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The 87 octane pumps are shut down last week at a gas station in Chanhassen, Minnesota because of water contamination. This unseasonably warm February has led to significant snow melt, increasing the risk of water infiltration. Unfortunately, this not only poses a threat to fuel quality, but a threat to consumer engines.
The Minnesota Commerce Department issued the following guidelines for consumers:
Don’t wait until your tank is nearly empty before filling up. Excessive water can separate from the gas and accumulate in the bottom of your tank. The ethanol blended with gas actually protects against water (up to point) by absorbing it. But when it reaches a saturation point, the water will “phase separate” to form a distinct layer in the tank.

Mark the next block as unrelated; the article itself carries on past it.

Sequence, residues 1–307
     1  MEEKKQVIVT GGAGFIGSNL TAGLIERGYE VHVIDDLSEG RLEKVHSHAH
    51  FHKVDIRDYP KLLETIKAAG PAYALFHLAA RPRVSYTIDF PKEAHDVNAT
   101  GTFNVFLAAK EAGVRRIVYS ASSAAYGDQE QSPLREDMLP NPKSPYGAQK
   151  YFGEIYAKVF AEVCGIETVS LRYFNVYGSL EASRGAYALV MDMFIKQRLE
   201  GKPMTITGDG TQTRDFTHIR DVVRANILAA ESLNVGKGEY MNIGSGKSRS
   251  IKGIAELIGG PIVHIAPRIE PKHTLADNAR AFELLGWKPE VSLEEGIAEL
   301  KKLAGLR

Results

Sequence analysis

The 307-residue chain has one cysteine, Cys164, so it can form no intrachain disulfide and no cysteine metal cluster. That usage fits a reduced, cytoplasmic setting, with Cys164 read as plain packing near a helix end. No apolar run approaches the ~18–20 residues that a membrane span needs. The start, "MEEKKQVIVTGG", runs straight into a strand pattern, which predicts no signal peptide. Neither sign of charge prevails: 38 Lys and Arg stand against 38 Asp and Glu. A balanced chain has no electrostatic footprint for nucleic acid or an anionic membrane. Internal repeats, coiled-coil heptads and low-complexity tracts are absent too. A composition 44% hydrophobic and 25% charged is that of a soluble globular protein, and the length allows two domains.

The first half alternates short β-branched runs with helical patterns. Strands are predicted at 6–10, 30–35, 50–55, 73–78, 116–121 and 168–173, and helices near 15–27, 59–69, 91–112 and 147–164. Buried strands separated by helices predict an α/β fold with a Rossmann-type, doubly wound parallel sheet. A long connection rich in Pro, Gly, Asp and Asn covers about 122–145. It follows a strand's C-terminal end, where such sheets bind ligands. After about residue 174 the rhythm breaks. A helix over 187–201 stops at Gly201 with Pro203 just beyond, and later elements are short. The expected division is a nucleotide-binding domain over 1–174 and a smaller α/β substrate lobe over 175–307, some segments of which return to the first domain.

Be aware of how your vehicle is performing. If you filled up a nearly empty tank with water-tainted gas, you may notice an immediate problem with your vehicle’s performance, including possibly stalling out. Or your vehicle may initially operate without a problem, but then will not start up again after being parked for a while.
Keep the receipt from your most recent gas purchase. If there is a problem with the gas, you will need proof of your purchase to seek reimbursement for any vehicle repair costs. While water in gas will not usually ruin a car engine, it can still require repairs costing several hundred dollars to drain and clean the tank and gas lines.
Don’t wait until you’ve got angry customers. Routinely check tanks for water, look for water at the fill, at the STP – standing water is a recipe for disaster. For more on good housekeeping, visit our website or contact a member of our staff at 260-346-2500.